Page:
• (5/5)
    Books about Rosa Parks abound, but this one stands out among the rest. In the post- Civil Rights era, Rosa Parks has become symbol of the movement, sometimes to the exclusion of her humanity. Giovanni’s lyrical prose succeeds in making Rosa Parks a real person to readers, with a sick mother, and a husband to make dinner for. The book also connects Rosa Parks to the larger events surrounding her decision to remain in her seat; readers see the link between not only her decision and the bus boycott that followed, but also Brown vs. Board of Education and the lynching of Emmett Till. Collier’s illustrations are somewhere between collage and stained glass, and a halo-like light surrounds the heads of Rosa Parks and Martin Luther King Jr. at critical junctures in the story. Rosa would of course be welcome during Black History Month, but it would be a shame to confine a book of such caliber and importance to one month of the year. The only thing missing is an afterward giving information about Rosa Parks’ life after the bus boycott, and sources for further information. Readers will want to learn more after reading this book, and it would have been nice if Rosa gave easy access to resources to do so. Other than that, I recommend this book highly.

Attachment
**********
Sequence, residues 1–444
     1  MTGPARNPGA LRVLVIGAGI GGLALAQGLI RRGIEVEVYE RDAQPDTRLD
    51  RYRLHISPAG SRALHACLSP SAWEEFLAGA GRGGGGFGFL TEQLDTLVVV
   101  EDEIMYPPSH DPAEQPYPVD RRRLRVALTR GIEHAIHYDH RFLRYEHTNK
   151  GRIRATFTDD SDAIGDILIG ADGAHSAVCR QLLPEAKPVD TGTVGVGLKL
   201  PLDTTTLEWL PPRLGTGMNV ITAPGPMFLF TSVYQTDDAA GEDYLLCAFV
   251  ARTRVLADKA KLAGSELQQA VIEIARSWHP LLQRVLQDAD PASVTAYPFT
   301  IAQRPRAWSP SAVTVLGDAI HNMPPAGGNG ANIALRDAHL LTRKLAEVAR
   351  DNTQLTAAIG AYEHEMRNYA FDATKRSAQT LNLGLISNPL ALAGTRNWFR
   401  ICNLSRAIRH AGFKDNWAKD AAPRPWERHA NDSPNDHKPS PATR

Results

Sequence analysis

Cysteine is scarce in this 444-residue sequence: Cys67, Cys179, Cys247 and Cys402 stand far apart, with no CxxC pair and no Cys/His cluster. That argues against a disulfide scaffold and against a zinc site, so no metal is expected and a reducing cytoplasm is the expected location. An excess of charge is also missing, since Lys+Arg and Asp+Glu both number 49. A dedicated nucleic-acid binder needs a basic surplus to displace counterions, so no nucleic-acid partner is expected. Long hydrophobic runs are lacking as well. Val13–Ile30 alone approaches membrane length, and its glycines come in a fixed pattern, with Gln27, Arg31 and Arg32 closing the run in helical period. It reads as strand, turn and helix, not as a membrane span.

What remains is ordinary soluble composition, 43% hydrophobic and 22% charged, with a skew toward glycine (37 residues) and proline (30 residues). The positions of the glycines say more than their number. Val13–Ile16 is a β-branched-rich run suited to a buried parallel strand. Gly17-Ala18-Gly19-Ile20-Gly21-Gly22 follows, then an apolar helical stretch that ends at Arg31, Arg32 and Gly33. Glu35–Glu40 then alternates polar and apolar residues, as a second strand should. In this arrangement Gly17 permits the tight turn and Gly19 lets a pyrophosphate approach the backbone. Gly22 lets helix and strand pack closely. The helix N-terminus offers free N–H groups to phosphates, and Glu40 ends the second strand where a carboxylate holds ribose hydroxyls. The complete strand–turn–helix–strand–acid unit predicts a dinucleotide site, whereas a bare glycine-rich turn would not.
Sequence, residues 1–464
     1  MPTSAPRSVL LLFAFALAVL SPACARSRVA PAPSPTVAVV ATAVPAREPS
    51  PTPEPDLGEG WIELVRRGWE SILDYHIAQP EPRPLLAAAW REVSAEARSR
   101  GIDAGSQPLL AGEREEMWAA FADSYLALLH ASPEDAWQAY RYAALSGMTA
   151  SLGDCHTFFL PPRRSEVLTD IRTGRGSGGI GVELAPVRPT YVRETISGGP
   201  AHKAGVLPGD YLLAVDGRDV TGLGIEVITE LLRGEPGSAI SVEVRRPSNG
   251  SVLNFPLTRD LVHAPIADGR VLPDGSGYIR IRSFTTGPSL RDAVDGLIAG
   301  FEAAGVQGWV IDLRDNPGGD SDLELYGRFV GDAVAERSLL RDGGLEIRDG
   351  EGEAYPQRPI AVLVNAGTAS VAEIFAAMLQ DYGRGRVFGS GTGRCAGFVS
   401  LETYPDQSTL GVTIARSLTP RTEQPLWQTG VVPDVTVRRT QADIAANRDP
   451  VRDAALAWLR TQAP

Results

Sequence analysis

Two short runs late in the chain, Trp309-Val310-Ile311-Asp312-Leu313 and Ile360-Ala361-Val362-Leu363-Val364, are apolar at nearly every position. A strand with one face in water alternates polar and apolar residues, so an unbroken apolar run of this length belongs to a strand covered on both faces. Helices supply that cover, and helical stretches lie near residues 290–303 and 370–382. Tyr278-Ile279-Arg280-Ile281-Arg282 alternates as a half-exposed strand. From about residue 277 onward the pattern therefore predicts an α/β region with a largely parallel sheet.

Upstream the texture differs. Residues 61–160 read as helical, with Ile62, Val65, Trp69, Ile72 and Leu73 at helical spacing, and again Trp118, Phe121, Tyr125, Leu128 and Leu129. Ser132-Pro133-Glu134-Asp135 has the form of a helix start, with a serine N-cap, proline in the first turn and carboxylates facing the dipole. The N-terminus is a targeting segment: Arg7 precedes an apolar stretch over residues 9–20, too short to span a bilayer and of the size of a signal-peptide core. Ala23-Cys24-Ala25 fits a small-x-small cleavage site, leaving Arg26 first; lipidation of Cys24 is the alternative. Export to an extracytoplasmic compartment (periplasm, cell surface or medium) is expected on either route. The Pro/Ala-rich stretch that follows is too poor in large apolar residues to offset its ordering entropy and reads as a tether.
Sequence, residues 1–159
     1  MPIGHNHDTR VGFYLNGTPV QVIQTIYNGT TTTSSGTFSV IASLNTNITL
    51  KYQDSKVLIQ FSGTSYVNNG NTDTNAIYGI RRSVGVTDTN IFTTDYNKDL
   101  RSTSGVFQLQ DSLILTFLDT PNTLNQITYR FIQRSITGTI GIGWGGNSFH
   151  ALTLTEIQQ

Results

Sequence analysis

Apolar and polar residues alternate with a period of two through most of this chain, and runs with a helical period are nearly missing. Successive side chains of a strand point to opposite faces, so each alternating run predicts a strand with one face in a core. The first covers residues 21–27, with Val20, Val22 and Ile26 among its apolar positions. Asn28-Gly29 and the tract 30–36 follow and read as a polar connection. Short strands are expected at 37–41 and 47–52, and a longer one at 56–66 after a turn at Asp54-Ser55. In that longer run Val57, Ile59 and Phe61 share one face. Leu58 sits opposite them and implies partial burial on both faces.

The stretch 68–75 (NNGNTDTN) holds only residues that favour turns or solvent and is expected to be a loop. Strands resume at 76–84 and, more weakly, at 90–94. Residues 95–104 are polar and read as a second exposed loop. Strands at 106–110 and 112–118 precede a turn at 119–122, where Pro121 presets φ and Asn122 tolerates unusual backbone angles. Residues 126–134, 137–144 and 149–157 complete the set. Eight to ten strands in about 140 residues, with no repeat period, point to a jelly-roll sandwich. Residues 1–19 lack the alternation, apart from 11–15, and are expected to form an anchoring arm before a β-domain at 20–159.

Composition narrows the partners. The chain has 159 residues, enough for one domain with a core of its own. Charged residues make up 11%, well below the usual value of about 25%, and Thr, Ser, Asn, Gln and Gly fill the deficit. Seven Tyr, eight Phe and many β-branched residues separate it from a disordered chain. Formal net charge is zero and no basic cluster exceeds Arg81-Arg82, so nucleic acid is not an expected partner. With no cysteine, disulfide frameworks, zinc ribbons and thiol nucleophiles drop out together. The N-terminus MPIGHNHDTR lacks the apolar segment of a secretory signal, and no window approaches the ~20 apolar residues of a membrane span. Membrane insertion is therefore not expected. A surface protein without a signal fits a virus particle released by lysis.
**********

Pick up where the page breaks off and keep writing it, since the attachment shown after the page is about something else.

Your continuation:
• (2/5)
    2.5 stars. A very simplified account of Rosa Parks' famous refusal to move her seat. Disappointed that it wasn't a full biography. The collage-style illustrations were neat, but just a little off for me.
  • (4/5)